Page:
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Burundi Crisis: Impoverished African nation weeps as no one shows interest in this nowhere land

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    Image Credits: Reuters

By Rukma Singh

Last month, Burundi had erupted in a series of street protests against the president’s decision to run for a third term in office. The protests have been met with great force by police. Several civilians and police officers have been killed. The emerging and developing political crisis in Burundi, is complex to understand. What is essential to keep in mind, however, is how the international community’s role will eventually attain supremacy in giving a direction to the situation.

The crisis

In March of last year, President Pierre Nkurunziza, narrowly lost a vote in parliament, that would have removed term limits and allowed him to run for a third term. The period immediately after the vote, offered an opportunity for the international community, to rally around the Burundian elite to ensure that the norm of term limits stuck, sufficiently isolating Nkurunziza and his allies. In a country of Burundi’s size, how the international community engages with local issues matters a great deal for the domestic conduct of politics.

History

Ever since Burundi achieved independence from Belgium in 1962, the country has experienced various episodes of mass and revenge killings between Hutu and Tutsi ethnic groups. The bloodshed reached its peak during a 10-year civil war, during which over 300,000 people were killed. In 2002, a successful but tenuous peace was established through the groundbreaking Arusha Accords, and for the first time, ethnic differences appeared to be put to one side.

Increasing turmoil

The government had taken an increasingly authoritarian approach, cracking down on independent media and civil society – including the arrests of Pierre-Claver Mbonimba, a human rights activist, and Bob Rugurika, a popular radio journalist. There have been credible reports that the government, and, to a lesser extent, the opposition were actively arming the youth wings of their parties. At the end of 2014, a massacre took place in Cibitoke, in which at least 47 people were killed, an event that underscored the increasing potential for larger scale atrocities within Burundi.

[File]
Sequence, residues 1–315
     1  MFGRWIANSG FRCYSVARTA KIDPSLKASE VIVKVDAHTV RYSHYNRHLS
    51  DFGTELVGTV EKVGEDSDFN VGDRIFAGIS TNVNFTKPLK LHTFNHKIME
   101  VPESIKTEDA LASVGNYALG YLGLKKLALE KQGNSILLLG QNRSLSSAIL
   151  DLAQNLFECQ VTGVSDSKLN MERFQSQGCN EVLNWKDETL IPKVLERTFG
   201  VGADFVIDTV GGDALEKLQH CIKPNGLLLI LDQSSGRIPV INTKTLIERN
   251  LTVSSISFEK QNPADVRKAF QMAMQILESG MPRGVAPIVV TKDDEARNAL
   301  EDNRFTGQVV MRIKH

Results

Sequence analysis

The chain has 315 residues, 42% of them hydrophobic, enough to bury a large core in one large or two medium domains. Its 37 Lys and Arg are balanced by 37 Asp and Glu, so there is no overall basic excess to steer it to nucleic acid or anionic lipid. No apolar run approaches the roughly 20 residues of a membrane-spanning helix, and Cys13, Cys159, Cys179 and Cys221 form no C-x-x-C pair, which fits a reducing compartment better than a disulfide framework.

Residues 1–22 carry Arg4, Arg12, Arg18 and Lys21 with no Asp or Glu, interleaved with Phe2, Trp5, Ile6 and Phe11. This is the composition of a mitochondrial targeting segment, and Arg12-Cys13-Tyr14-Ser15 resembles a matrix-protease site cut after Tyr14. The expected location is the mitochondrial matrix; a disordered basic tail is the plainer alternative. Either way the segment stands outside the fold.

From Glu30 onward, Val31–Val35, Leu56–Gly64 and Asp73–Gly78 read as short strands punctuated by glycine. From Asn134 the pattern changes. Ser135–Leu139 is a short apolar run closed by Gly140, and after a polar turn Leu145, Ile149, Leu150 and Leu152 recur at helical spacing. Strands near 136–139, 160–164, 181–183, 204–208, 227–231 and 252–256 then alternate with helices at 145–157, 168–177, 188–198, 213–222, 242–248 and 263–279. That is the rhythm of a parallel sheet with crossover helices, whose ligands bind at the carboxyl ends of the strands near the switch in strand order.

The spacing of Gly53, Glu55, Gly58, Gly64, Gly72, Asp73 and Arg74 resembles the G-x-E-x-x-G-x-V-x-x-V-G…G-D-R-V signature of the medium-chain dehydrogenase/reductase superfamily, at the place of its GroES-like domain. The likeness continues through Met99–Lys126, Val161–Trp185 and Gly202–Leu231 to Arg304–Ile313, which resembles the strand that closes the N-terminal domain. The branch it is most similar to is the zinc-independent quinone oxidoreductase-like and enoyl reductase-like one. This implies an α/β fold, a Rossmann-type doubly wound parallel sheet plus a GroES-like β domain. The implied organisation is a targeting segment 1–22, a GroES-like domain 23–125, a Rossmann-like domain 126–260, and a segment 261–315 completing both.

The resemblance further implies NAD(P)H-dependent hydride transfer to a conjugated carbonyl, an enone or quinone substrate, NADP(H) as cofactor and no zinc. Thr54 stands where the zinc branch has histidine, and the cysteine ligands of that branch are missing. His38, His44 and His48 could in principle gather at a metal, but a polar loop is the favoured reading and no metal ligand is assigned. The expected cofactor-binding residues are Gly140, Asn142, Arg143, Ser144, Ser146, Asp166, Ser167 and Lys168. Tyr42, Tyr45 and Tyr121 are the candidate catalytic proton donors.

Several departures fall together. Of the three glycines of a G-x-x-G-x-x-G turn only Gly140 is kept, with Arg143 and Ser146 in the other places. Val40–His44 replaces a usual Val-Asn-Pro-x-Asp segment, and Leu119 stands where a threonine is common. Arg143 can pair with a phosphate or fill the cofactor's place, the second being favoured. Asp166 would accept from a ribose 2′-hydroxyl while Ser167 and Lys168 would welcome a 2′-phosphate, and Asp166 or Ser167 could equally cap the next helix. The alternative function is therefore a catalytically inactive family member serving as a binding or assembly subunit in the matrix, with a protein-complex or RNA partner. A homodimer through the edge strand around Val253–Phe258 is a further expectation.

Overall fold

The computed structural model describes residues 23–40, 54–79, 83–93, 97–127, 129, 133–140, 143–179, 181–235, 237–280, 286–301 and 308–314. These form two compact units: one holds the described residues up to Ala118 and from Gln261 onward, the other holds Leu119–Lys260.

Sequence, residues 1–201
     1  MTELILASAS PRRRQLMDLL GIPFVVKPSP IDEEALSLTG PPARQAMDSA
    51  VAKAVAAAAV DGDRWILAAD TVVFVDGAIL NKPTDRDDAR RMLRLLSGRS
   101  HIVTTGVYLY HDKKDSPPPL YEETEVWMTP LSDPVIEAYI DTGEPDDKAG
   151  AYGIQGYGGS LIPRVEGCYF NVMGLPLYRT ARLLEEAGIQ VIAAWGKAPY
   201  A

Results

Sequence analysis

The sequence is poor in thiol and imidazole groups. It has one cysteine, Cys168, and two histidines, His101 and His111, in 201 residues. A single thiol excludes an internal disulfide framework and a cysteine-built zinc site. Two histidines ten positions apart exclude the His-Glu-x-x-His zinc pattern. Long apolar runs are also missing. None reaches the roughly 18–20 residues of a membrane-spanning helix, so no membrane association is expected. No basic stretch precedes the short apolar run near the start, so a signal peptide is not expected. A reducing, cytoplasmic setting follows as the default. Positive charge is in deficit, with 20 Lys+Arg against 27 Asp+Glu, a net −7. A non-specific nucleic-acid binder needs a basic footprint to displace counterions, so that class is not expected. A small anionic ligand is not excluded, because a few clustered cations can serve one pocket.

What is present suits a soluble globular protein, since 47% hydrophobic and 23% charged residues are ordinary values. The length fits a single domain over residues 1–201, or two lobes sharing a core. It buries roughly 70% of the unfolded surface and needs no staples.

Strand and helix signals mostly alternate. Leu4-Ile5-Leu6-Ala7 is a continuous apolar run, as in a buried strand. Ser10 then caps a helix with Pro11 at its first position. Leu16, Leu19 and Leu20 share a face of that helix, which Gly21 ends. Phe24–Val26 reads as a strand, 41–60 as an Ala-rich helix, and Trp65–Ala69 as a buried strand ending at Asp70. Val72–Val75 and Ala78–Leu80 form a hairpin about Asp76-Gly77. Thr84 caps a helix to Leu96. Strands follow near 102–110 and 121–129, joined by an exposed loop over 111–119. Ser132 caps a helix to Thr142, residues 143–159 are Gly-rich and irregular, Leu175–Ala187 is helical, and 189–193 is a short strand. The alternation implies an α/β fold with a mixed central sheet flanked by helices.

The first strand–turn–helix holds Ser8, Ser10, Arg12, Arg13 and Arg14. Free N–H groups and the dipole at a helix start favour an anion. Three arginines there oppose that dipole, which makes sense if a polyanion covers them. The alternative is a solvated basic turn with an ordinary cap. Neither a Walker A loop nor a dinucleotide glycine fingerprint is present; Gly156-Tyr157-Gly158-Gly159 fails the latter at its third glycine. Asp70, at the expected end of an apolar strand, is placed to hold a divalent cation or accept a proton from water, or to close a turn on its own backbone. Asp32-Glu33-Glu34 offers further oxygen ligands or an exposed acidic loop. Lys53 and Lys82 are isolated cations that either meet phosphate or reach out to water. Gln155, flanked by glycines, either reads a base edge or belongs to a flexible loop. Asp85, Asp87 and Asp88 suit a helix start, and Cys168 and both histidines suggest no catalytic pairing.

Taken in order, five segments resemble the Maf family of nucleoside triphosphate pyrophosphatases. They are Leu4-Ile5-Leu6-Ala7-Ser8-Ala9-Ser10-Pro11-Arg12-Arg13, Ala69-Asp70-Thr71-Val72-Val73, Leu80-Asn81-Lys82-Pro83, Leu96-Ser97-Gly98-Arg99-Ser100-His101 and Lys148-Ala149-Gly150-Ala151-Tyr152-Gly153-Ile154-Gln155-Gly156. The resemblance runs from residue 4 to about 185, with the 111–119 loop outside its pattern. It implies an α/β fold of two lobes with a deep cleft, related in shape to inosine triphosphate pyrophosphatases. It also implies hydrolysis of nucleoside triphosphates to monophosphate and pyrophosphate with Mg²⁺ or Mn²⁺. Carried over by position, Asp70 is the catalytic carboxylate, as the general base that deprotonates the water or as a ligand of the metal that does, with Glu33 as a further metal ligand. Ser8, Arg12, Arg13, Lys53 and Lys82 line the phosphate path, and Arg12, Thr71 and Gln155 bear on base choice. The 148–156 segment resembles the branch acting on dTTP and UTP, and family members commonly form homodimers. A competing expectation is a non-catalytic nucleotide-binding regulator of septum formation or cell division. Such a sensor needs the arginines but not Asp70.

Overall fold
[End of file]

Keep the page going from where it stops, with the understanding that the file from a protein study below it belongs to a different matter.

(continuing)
One thing can be said for the crisis unfolding in Burundi over the past month and a half: it has put this small impoverished East African nation, which most Israelis cannot locate on a map, into the international news cycle.

The ray of hope

On the one hand, socio-economic problems, rising social discontent and extrajudicial killings put severe strains on the government. On the other hand, parallel dialogues have recently started between the European Union and the Burundian government, and between Burundian political actors.

Continuing these parallel dialogues and consolidating peace in Burundi will require mutual concessions by the ruling party and the opposition. It will also require that the donors maintain dialogue with the authorities on the political and security problems, and resort to financial incentives, particularly for the preparation of the elections and the security sector reform. International efforts should focus on protecting journalists and civil society activists, empowering the independent human rights commission, and promoting a security sector reform centered on human rights.

Recent developments

The head of the African Union Commission, Nkosazana Dlamini-Zuma, on Saturday, urged rival-sides in Burundi to engage in dialogue to solve the political crisis gripping the central African nation.

“We would like to encourage all the parties to engage in constructive dialogue placing the interest of the country and the people, welfare and lives of their people and stability and peace above all else,” said AU chairwoman, Dlamini-Zuma at a peace and security meeting in Johannesburg, on the eve of an African Union summit.

Since last month Nkurunziza has faced international pressure to reconsider his attempt to stay in power, which observers fear could plunge the country back into war.

The country will hold parliamentary elections on June 29 and a presidential poll on July 15.

Next Story

Narendra Modi Dismisses The Opposition Grand Alliance as a ‘Failed Experiment’

Calling upon every party worker to ensure that his booth was strong, he said that nothing could stop the party from coming back to power in the coming elections